Essentially, if Plaintiff's ability to sit, stand, and walk are less than 8 hours, he cannot perform full-time employment. (Tr. 720).
Furthermore, the ALJ also gives little weight to the opinion of the treating orthopedic specialist, Dr. John Jacquemin of the Freiberg Spine Institute/Freiberg Orthopaedics & Sports Medicine, that Plaintiff would be "precluded from . . . sedentary work because of the requirements of sitting 6-8 hours a day I do not believe that, even with the ability to move or take breaks, he is going to be able to return to these types of positions." (Ex. 34F 1-2; Tr. 641-642). As the treating orthopedic physician, Dr. Jacquemin's opinion is entitled to controlling weight if it is well supported by medical evidence and not inconsistent with other substantial evidence in the record. See Robinson v. Barnhart, 366 F.3d 1078. Not only is the ALJ's opinion inconsistent with the objective FCE as stated, but there is ample additional medical evidence with numerous objective tests including x-rays, multiple MRI's consistently yielding abnormal findings (see, e.g., Ex. 19F; Tr. 468-69, Ex. 34F-3; Tr. 643, Ex. 36F-3; Tr. 652), and an abnormal EMG consistent with chronic right lumbosacral radiculopathies (Ex. 14F 2-3; Tr. 437-38) to support Dr. Jacquemin's opinion. Even if the ALJ finds that Dr. Jacquemin's opinion should not be entitled to controlling weight, as a medical opinion from a treating source, it is entitled to great deference and must be weighed using several regulatory factors. See Robinson v. Barnhart, 366 F.3d 1078 (10th Cir. 2004); 20 C.F.R. § 416.927. First, the length of the treatment relationship and the frequency of examination must be examined along with the nature and extent of the treatment relationship. Dr. Jacquemin treated Plaintiff for one year and saw him on multiple occasions. (Tr. 636-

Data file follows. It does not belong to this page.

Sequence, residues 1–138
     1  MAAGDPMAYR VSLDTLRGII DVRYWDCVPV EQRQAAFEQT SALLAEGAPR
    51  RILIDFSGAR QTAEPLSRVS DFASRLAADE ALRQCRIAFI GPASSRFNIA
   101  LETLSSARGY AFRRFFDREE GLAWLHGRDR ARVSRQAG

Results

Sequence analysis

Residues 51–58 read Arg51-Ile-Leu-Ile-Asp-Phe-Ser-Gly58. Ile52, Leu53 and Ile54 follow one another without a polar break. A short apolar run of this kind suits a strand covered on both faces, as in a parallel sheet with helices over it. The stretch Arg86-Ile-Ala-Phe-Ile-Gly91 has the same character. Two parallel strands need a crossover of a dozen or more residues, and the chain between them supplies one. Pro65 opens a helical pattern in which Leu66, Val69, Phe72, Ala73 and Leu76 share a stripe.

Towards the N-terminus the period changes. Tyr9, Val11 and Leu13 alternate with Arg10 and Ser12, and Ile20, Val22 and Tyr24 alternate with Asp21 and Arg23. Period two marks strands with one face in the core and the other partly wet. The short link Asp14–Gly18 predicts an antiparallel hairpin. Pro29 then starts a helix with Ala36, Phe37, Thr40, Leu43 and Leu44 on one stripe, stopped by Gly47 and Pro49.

40, 641-43, 650-52). Second, the consistency between the opinion of the doctor and the record as a whole along with support of relevant medical evidence. Dr. Jacquemin's records clearly reflect thorough examinations of Plaintiff and varied treatment modalities including medications and injections that support his ultimate opinions. (Ex. 21F, 34F; Tr. 474481, 641-642). Finally, it must be considered whether the physician is a specialist in the area upon which their opinion is based. There is no question that Dr. Jacquemin is an expert in the area of orthopedic surgery of the spine, as a physician at Freiberg Orthopaedics. Therefore, it is clear that the ALJ erred in giving little weight to Dr. Jacquemin's opinion. In addition to these relevant medical factors, Plaintiff's testimony during the hearing and throughout the record also supports the restriction of sitting in 10-minute intervals and his inability to sustain even sedentary work. (Tr. 700-05). The ALJ found that Plaintiff's statements concerning the intensity, persistence, and limiting effects of his symptoms were not entirely credible. However, the ALJ failed to consider the factors and evaluations set forth in SSR 96-7.7
Those factors are: (1) the individual's daily activities; (2) the location, duration, frequency, and intensity of the individual's pain or other symptoms; (3) factors that precipitate and aggravate the symptoms; (4) the type, dosage, effectiveness, and side effects of any medication the individual takes or has taken to alleviate pain or other symptoms; (5) treatment, other than medication, the individual receives or has received for relief of pain or other symptoms; (6) any measures other than treatment the individual uses or has used to relieve pain; and (7) any other factors concerning the individual's functional limitations and restrictions due to pain or other symptoms. SSR 96-7p, 1996 SSR LEXIS 4, at *8. See also Hamlin v. Barnhart, 365 F.3d 1208, 1220 (10th Cir. 2004) (noting that an ALJ should consider these factors).